AI War: Fleet Command

This is a 2d space RTS, which boasts a heavy duty AI, and 8 player co-op! It feels odd, slightly, but it supports the tactical level zoom of SupCom. The tutorial levels are quite easy to breeze through, but the last tutorial is a small 10 planet scenario, and it looks like its about 3 hours to complete. I’m about half way through, and the AI is giving me a good slapping at the moment. When you’re on the strategic campaign level, 2d icons is all you care about, so there really isn’t a lot lost in terms of graphical wow. It would be nice to see these Sins of a Solar Empire style 3d graphics, but I think this game is all about the strategy and less about the oohs and aahs of space loving visuals. Its only $19.99 on Impulse, and they are claiming more free DLC to come.

I checked it out. Played through the 1 hour demo time. Feels like an indie Sins of a Solar Empire. If I didn’t already have Sins I probably would pick this up.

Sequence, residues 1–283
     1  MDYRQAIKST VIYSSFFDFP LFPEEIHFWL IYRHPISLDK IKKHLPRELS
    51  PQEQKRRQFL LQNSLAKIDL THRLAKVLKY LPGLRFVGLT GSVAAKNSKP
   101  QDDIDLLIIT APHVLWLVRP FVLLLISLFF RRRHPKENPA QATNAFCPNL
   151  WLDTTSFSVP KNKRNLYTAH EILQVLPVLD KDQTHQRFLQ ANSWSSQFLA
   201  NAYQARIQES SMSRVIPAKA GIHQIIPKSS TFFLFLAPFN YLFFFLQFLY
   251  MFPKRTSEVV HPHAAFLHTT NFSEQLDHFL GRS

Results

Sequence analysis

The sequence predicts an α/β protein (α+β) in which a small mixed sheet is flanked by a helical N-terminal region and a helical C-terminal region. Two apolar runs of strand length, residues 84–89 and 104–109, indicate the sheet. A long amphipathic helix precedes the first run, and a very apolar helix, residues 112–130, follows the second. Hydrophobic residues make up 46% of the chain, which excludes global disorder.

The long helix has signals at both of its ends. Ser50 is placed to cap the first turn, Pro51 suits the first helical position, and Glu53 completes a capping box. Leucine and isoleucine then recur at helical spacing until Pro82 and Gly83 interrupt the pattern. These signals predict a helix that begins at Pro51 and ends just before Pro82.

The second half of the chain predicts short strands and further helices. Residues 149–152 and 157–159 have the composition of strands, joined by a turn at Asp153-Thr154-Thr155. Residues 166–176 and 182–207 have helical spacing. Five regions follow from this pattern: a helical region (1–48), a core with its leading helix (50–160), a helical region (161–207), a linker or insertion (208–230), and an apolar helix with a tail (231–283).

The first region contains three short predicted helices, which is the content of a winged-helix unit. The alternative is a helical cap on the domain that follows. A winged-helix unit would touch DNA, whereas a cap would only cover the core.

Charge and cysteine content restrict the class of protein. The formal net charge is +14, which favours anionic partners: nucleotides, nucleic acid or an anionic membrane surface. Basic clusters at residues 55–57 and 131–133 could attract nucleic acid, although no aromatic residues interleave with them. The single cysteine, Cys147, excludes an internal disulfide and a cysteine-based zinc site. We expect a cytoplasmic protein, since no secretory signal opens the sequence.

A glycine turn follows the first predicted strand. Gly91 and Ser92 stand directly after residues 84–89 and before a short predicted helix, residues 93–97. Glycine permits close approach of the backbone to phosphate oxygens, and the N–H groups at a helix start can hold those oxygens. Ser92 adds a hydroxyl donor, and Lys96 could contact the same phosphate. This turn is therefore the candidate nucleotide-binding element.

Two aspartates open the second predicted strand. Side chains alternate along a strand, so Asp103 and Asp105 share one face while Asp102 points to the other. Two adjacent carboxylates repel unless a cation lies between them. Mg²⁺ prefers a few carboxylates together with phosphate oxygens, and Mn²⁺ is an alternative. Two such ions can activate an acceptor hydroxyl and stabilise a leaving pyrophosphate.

Hey there, I’m actually the dev for AI War – thanks for trying out the game, but I’m sorry to hear it wasn’t to your tastes.

I’m a little bit surprised by the comparison to Sins of a Solar Empire, though, since aside from the fact that they are both RTS games and the controls and basic mechanics are thus fairly similar, they are really different. And honestly, I think it’s closer to Supreme Commander than Sins in the first place. Did you get a chance to try the intermediate tutorial? That takes you through things like gate-raids, planet hopping, wormhole defense, ion cannon raiding/flooding, and a variety of other things that make the strategic elements of AI War so different.

Plus, if you’re into co-op at all, I’m pretty confident there is no better AI around. Check out this post, which goes through what makes the AI so unique (something that is hard to see in a 1 hour demo, unfortunately):

Lastly, the unit counts (and, to an extent, unit variety) in AI War are just off the charts compared to most other RTS games. In your average game, you will commonly command multiple fleets of several thousand ships each, against thousands of enemy ships. Common games have 30,000+ ships in them.